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Why the new Ford Explorer has more in common with BMW and Mercedes  1 Month ago

Source:   USA Today  

SKAMANIA COUNTY, Washington – Hypesters and hucksters have drained the term “clean sheet of paper” of much meaning when it comes to new products, but it applies to the 2020 Ford Explorer SUV.

Ford has scrapped the formula that made the three-row, family-carrying Explorer one of its most popular models for a decade and created an SUV whose engineering has more in common with vehicles from BMW and Mercedes than traditional competitors from Chevrolet, Honda and Toyota.

Based on a couple of days' driving on- and off-road in Oregon and Washington, the result is a comfortable interior, strong performance and appealing features.

The 2020 Explorer should be on sale any day now. Ford’s assembly plant in Chicago is shipping them to dealers, but Ford can’t sell them until it gets a certified fuel economy rating from the EPA.

The new Explorer has a rear-wheel-drive-based architecture and optional all-wheel drive. That’s a major change from the outgoing model, which had base models that were front-wheel-drive and optional AWD.

That means the 2020 model’s engine lines up in the same direction as the vehicle, while the 2010-19 Explorer engines sat crosswise, on the line between the front wheels.

In engineering terms, the 2020’s engine is called “longitudinal” or “north-south,” while the old Explorer had a transverse or east-west engine.

Pickups, and most luxury and performance vehicles, tend to have longitudinal engines because the layout lends itself to more power, better handling and towing.

Power and handling haven’t been a big deal to Explorer owners, but Ford is betting that’ll change as more and more SUVs crowd the market and automakers look for every advantage they can claim when they say theirs is different and better.

While Ford’s F-series and Ranger pickups also have rear-wheel drive with optional 4WD, they don't use the same platform or architecture as the Explorer. The Explorer's architecture will also underpin the Lincoln Aviator luxury SUV that goes on sale later this year. 

Here’s some of what you can expect from the 2020 Ford Explorer:

The 2020 Explorer barely shares a part with the old model, but its size hasn’t changed much. To fit standard garages, it only grew a tenth of an inch, to 198.8 inches, despite the wheelbase – the distance between the front and rear wheels – increasing by a whopping 6.3 inches.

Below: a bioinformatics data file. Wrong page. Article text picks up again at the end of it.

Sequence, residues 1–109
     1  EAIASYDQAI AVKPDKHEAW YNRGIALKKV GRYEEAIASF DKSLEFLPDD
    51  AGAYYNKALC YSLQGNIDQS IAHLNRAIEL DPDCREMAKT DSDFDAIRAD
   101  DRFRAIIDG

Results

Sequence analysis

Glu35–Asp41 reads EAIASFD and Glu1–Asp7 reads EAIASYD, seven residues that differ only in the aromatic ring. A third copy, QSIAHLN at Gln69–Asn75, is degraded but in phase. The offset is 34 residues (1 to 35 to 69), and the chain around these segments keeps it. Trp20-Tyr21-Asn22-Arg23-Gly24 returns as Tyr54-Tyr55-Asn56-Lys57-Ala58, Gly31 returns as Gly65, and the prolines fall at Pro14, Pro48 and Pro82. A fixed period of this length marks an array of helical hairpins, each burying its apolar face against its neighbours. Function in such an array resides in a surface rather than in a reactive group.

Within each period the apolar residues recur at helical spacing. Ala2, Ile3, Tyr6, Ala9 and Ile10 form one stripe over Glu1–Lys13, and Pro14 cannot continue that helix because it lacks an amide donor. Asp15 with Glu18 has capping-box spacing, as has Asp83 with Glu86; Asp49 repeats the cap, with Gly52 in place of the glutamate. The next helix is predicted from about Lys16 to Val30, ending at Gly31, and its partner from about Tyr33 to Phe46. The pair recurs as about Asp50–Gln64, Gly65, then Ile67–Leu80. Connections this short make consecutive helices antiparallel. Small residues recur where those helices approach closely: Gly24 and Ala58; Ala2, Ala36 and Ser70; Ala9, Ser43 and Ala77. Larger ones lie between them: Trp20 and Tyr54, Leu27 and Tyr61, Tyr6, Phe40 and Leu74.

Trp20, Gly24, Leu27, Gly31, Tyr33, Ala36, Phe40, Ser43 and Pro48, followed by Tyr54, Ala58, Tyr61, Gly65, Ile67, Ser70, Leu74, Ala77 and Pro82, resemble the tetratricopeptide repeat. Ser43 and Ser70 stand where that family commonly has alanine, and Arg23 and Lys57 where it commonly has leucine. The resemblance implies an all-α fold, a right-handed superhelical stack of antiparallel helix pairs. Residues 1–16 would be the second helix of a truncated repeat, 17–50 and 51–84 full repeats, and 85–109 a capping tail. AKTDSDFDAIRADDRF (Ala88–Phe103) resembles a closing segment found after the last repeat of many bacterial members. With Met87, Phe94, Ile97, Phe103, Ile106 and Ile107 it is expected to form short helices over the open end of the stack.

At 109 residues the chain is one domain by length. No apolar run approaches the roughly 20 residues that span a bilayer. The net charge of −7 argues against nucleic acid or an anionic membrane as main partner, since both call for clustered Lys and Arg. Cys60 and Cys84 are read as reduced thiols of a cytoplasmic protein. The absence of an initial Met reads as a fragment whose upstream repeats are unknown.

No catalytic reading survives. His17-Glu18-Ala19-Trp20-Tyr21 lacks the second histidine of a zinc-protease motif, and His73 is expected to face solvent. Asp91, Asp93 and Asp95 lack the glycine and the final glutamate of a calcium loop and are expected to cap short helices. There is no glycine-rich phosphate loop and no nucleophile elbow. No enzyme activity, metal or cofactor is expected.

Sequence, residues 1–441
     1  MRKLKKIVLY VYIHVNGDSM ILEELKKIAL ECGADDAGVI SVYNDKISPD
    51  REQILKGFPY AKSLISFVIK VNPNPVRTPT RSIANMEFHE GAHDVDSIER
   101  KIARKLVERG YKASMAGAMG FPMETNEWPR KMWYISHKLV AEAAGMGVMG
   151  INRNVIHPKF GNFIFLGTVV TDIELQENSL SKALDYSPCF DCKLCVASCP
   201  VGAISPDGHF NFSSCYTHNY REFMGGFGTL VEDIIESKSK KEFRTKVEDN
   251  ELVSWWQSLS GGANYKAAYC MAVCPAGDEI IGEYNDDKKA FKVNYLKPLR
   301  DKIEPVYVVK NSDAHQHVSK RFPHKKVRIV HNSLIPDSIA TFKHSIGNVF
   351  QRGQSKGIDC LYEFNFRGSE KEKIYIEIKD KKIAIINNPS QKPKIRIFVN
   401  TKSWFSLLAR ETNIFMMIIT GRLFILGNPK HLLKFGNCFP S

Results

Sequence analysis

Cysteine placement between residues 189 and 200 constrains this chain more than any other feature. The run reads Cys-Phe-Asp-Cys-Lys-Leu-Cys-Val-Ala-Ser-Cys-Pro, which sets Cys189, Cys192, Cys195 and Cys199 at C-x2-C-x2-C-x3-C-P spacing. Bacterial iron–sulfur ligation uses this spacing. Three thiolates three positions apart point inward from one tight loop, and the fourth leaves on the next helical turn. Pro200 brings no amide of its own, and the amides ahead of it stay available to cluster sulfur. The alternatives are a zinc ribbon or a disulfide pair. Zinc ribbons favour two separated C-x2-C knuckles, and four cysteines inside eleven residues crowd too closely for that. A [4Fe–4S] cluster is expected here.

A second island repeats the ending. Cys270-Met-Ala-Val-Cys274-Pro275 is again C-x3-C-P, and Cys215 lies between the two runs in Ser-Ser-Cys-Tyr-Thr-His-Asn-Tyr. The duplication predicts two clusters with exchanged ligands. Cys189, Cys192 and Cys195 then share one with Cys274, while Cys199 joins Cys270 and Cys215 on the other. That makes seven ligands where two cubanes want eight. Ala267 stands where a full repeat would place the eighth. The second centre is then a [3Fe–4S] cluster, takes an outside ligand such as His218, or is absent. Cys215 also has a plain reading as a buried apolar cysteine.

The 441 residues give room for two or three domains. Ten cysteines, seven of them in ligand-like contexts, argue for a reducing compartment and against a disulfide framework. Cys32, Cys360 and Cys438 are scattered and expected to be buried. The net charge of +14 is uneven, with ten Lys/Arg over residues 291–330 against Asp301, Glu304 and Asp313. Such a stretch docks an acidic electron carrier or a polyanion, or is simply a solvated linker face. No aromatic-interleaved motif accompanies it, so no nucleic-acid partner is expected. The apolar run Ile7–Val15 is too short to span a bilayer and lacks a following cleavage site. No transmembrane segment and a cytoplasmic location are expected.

Ford won’t provide figures comparing passenger space, but front seat room was excellent and then second-row captain’s seats and the third-row bench were comfortable in the vehicles I tested. Cargo space has decreased behind the third row. It’s bigger than the 2019 model when the second-row seats are folded.

The mid-row seats slide forward to get into the rear, but kids will probably walk between the captain’s chairs that are standard on all models but the base. Assuming that, Ford put a low console with cupholders between the seats and engineered it to survive if a 200-pound-plus adult steps on it.  

An 8-inch touchscreen in landscape orientation is standard, while a 10.1-inch touchscreen in portrait orientation is optional. The screens responded slowly in the pre-production models available for test. Ford said that should be fixed when sales begin, but check for yourself.

Base model, rear-drive: $32,765

Base AWD: $34,765

XLT RWD: $36,675

XLT AWD: $38,675

Limited RWD: $48,130

Limited AWD: $50,130

ST AWD: $54,470

Platinum AWD: $58,250

The Explorer’s competition includes the Chevrolet Traverse, Dodge Durango, Honda Pilot, Hyundai Santa Fe SL, Kia Telluride, Mazda CX-9, Nissan Pathfinder, Toyota Highlander and Volkswagen Atlas.

 The vehicles I tested were well-equipped models likely to cost from the upper $40,000 to around $60,000. That’s at the high end of the segment, at least until Toyota launches a new version of its Highlander three-row SUV late this year. A hybrid system is a $4,150 add on available for the Limited model.

I drove Explorers with the 300-hp base four-cylinder engine; 365-hp and 400-hp 3.0L twin-turbo V6s; and the 310-hp hybrid, which has a 3.3L V6 in addition to an electric motor and lithium-ion battery.

Ford has prohibited writing about the 400-hp ST performance model until later, but a reader might infer the difference the 35 extra-hp – a 9.6% for the math-averse – makes.

The new Explorer is quiet and smooth over bumps in all trims. The RWD-based chassis creates a good balance in the vehicle’s front-to-rear weight distribution.

Combined with responsive steering and firm brakes, the result is a vehicle that’s easy to drive fast and corners well for a tall – 5 feet 9 to 5 feet 10 inches, depending on trim – vehicle.

Acceleration is satisfying. There’s plenty of power for fast highway cruising, confident merges and sporty driving in the country.

The hybrid is quiet in EV mode, and has plenty of power for driving around town and up and down hills. Its automatic engine shutoff when idling is nearly imperceptible.

The Explorer is surprisingly capable off-road. Despite not having a low range of gears dedicated to off-roading, I went up and down steep dirt trails with ease. The SUV can ford up to 19 inches of water.


300-hp, 2.3L turbocharged, four-cylinder

365- or 400-hp, twin-turbo, 3.0L V6

310-hp hybrid with 3.3L V6 and an electric motor

Transmission: 10-speed automatic

Length: 198.8 inches

Wheelbase: 119.1 inches

Height: 69.9-70.2 inches

Width: 78.9 inches

Curb weight: 4,345-4,727 pounds

EPA fuel economy and electric range ratings: Still to be determined.

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